The secondary treatment stage 115 may, in turn, be fluidly connected to a tertiary treatment stage 120. Like the fluid connection between the first and secondary treatment stages 105, 115, the secondary treatment stage 115 may be fluidly connected to the tertiary treatment stage 120 by any known method or system to fluidly connect water or wastewater treatment stages or zones. The tertiary treatment stage 120 may discharge treated wastewater 125, which may also be called treated effluent, to the environment or to another water system. If desired, a portion of the treated wastewater 125 may be recycled upstream for further treatment or use in the system. Any treated wastewater 125 that is recycled may be returned to the system at any desired location, including, but not limited to, one or more locations that are upstream of the primary treatment stage 105, within the primary treatment stage 105, between the primary and secondary treatment stages 105, 115, within the secondary treatment stage 115, between the secondary and tertiary treatment stages 115, 120, or within the tertiary treatment stage 120.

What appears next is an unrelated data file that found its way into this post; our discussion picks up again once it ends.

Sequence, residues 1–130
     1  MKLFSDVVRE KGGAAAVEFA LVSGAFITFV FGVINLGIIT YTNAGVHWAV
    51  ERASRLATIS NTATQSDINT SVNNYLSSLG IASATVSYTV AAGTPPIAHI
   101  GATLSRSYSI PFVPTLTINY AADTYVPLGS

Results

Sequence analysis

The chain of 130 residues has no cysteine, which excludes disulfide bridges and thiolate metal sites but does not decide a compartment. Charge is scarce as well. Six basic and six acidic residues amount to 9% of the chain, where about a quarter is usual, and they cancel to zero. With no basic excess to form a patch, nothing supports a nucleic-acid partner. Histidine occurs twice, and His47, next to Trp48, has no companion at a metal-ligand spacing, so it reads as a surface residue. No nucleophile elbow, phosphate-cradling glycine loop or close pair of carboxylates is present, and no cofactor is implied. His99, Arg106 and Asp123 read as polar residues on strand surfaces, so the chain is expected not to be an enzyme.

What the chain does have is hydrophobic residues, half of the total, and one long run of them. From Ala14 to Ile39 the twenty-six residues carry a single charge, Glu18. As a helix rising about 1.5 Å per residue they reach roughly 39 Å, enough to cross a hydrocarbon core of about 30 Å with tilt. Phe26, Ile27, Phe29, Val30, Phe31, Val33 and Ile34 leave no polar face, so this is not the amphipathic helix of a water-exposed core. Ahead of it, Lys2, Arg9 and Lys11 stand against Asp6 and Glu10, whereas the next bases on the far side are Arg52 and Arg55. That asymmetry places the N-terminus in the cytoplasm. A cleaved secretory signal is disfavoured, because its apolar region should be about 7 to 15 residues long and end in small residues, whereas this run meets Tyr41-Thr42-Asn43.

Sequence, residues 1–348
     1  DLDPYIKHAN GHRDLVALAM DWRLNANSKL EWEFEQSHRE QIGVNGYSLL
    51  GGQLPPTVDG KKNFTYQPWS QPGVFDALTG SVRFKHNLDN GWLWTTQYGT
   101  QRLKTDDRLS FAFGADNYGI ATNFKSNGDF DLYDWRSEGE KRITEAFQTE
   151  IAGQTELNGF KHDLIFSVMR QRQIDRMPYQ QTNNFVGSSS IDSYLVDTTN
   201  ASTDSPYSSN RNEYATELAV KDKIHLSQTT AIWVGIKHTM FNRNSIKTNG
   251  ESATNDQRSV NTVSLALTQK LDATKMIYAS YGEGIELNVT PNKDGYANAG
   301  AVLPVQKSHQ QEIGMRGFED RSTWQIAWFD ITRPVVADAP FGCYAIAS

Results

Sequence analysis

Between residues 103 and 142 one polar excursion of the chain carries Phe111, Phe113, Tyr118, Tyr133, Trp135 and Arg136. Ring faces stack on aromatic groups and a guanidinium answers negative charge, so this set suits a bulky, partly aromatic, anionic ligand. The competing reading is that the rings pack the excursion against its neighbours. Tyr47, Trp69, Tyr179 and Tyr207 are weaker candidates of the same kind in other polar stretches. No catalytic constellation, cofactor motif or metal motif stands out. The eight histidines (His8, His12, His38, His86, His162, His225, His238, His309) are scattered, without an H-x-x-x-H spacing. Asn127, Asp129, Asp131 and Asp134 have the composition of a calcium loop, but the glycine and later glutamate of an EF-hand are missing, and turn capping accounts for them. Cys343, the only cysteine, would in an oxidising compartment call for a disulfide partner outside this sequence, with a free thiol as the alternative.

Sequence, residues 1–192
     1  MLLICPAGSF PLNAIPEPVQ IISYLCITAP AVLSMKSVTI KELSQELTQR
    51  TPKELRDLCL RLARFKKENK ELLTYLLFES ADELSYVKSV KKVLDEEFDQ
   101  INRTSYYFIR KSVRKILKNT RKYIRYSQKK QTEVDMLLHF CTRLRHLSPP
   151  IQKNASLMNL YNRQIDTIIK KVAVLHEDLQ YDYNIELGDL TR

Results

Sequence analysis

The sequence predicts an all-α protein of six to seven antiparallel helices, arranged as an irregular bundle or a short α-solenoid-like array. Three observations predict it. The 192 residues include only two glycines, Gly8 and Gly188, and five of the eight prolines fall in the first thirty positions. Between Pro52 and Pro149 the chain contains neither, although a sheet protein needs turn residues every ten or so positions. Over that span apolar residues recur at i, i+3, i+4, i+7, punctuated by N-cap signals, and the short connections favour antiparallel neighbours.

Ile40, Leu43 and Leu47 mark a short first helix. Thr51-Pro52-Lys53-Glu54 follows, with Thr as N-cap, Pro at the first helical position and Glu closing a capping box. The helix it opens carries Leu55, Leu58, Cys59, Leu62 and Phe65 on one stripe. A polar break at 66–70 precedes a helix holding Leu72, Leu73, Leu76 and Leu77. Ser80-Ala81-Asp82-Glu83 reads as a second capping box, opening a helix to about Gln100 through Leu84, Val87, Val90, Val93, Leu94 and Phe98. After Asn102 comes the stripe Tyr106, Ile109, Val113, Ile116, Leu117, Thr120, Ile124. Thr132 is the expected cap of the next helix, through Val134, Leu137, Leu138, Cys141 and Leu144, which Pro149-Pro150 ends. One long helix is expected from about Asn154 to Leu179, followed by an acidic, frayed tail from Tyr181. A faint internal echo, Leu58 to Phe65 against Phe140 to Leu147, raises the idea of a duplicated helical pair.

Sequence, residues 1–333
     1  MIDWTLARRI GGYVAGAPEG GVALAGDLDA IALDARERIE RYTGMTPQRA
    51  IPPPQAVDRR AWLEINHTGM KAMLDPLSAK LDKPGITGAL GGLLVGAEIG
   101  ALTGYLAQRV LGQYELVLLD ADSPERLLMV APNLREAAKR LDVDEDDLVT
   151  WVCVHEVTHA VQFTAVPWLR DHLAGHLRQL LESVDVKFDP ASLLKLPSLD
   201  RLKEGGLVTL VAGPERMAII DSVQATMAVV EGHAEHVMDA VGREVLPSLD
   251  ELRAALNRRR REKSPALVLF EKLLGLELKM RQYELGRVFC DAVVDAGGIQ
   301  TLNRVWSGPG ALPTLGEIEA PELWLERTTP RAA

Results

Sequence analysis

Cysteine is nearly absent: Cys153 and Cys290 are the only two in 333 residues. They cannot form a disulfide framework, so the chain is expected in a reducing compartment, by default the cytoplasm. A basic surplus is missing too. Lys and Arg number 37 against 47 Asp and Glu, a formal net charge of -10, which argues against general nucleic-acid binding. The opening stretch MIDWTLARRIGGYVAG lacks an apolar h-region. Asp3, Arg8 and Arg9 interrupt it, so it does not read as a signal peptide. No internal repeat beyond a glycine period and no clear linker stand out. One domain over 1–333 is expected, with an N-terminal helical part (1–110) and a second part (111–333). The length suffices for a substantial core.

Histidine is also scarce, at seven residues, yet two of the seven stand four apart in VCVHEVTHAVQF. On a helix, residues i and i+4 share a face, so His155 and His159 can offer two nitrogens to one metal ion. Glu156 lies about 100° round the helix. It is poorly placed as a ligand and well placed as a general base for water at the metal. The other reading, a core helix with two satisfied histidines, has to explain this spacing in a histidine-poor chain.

The primary treatment stage 105 may involve separating solids from the wastewater influent 110. To separate solids from the wastewater influent 110, the primary treatment stage 105 may include one or more settling tanks, clarifiers or other conventional or known structures for separating suspended solids from a raw or pre-treated wastewater influent. However, in some systems the primary treatment stage 105 may be omitted or bypassed, and the wastewater 110 may be sent directly to the secondary treatment stage 115.